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Independent Hakan Alpan
Internet-Draft Bradley Newton
Intended status: Informational Miles President
Expires: October 29, 2020 Radon Rosborough
Harvey Mudd College
May 2020
Benchmarking Methodology for IPv6 Routing Extension Headers
draft-clinic-ipv6-ext-hdr-bench-method-00
Abstract
This document specifies a test procedure that should be used to
evaluate the performance characteristics of a network interconnection
device that processes IPv6 routing extension headers. The results of
the test procedure can be used to compare the performance of the
Compressed Routing Header (CRH) with the performance of other routing
extension headers and with the performance of packets that do not
include routing extension headers. The routing extension headers
that may be compared with the CRH using the test procedure are the
Segment Routing Header (SRH) and Routing Header Type 0 (RH0).
Status of This Memo
This Internet-Draft is submitted in full conformance with the
provisions of BCP 78 and BCP 79. Internet-Drafts are working
documents of the Internet Engineering Task Force (IETF), its areas,
and its working groups. Note that other groups may also distribute
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Copyright Notice
Copyright (c) 2020 IETF Trust and the persons identified as the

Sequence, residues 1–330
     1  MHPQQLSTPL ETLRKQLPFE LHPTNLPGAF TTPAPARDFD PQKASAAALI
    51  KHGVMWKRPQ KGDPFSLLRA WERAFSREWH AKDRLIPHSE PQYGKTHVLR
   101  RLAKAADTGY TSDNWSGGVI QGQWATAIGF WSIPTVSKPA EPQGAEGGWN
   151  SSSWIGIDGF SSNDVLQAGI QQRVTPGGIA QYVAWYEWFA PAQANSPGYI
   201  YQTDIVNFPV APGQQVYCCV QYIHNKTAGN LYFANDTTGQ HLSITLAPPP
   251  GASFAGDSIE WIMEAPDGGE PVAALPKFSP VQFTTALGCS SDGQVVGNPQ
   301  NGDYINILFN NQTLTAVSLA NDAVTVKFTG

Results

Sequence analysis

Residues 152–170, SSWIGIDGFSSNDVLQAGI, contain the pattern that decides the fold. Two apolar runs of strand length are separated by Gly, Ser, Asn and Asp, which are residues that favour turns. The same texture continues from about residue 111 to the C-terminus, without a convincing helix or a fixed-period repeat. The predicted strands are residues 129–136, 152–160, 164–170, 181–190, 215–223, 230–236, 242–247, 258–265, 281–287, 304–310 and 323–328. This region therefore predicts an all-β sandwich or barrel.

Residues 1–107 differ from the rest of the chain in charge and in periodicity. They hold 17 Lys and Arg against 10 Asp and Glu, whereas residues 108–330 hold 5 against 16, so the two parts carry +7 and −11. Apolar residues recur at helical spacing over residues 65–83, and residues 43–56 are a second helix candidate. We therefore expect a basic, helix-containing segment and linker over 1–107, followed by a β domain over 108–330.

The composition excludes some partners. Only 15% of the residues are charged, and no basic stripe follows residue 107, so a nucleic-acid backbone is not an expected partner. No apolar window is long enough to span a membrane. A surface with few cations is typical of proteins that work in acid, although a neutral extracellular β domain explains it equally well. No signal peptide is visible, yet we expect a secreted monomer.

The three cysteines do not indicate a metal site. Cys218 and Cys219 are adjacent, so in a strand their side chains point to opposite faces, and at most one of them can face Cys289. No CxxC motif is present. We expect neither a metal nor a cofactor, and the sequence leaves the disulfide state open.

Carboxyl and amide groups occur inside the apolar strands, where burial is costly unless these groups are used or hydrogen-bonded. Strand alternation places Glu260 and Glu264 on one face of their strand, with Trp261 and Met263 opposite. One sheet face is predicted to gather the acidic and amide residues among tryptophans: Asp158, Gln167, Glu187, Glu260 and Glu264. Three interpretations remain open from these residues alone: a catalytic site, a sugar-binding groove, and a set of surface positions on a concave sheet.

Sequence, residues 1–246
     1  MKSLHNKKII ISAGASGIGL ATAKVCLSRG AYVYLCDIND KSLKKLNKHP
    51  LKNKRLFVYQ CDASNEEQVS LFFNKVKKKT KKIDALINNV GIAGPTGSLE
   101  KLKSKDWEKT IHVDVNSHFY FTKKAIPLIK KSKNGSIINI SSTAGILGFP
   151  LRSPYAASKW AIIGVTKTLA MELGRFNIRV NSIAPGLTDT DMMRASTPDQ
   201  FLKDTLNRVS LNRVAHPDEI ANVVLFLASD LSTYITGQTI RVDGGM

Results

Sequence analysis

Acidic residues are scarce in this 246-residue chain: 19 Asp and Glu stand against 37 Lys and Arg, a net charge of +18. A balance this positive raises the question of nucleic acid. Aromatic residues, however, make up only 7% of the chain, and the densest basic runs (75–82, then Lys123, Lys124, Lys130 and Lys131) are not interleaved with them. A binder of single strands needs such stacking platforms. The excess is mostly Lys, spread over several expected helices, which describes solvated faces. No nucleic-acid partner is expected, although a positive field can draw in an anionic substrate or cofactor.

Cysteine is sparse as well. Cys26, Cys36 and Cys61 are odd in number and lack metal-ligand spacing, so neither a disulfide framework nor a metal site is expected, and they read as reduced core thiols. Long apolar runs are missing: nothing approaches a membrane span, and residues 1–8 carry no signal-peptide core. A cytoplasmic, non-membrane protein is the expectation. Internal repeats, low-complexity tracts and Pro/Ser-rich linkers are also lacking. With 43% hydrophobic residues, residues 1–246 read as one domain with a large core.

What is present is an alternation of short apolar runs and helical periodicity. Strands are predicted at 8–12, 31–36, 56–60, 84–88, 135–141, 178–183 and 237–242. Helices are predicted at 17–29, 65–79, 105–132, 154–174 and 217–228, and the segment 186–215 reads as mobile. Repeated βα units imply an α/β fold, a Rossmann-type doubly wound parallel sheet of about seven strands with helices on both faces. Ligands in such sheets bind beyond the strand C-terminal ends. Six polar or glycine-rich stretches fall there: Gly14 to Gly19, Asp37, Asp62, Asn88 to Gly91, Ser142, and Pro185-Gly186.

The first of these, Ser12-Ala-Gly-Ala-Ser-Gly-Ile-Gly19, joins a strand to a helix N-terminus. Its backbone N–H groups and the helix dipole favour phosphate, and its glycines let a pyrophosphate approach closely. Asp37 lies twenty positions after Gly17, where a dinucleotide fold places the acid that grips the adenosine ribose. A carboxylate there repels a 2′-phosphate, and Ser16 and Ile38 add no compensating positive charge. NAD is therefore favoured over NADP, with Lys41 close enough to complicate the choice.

document authors. All rights reserved.
This document is subject to BCP 78 and the IETF Trust's Legal
Provisions Relating to IETF Documents
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the Trust Legal Provisions and are provided without warranty as
described in the Simplified BSD License.
Table of Contents
1. Introduction ....................................................2
2. Requirements Language ...........................................2
3. Test Procedure ..................................................3
3.1. DUT Setup ..................................................3
3.2. Independent Variables ......................................3
3.3. Header Contents ............................................4
3.4. Frame Sizes ................................................4
4. IANA Considerations .............................................4
5. Security Considerations .........................................4
6. References ......................................................4
6.1. Normative References .......................................4
6.2. Informative References .....................................5
1. Introduction
IPv6 [RFC8200] source nodes use routing extension headers to specify
the path that packets follow to reach their destination. The first
routing extension header to be defined was Routing Header Type 0
(RH0) [RFC2460]. This header was deprecated [RFC5095] and removed
from current IPv6 implementations because it introduced security
vulnerabilities.
Two replacements to RH0 have been proposed, the Segment Routing
Header (SRH) [RFC8754] and the Compressed Routing Header (CRH)
[I-D.draft-bonica-6man-comp-rtg-hdr]. Both of these routing
extension headers provide a superset of the functionality that was
previously provided by RH0, and both address the security
vulnerabilities of RH0.
Both RH0 and the SRH specify intermediate nodes in the routing
extension header as a list of 128-bit IPv6 addresses. The
disadvantage of this is that routing headers may become very large,